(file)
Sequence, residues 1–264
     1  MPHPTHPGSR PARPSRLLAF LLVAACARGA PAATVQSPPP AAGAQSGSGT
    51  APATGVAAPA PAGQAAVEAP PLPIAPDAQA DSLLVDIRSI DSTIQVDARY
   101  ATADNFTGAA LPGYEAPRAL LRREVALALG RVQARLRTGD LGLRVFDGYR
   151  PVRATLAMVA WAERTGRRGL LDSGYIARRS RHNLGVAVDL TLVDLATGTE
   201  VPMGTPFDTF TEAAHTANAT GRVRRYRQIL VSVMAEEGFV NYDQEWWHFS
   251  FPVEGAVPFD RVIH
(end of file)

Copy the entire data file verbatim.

Sequence, residues 1–264
     1  MPHPTHPGSR PARPSRLLAF LLVAACARGA PAATVQSPPP AAGAQSGSGT
    51  APATGVAAPA PAGQAAVEAP PLPIAPDAQA DSLLVDIRSI DSTIQVDARY
   101  ATADNFTGAA LPGYEAPRAL LRREVALALG RVQARLRTGD LGLRVFDGYR
   151  PVRATLAMVA WAERTGRRGL LDSGYIARRS RHNLGVAVDL TLVDLATGTE
   201  VPMGTPFDTF TEAAHTANAT GRVRRYRQIL VSVMAEEGFV NYDQEWWHFS
   251  FPVEGAVPFD RVIH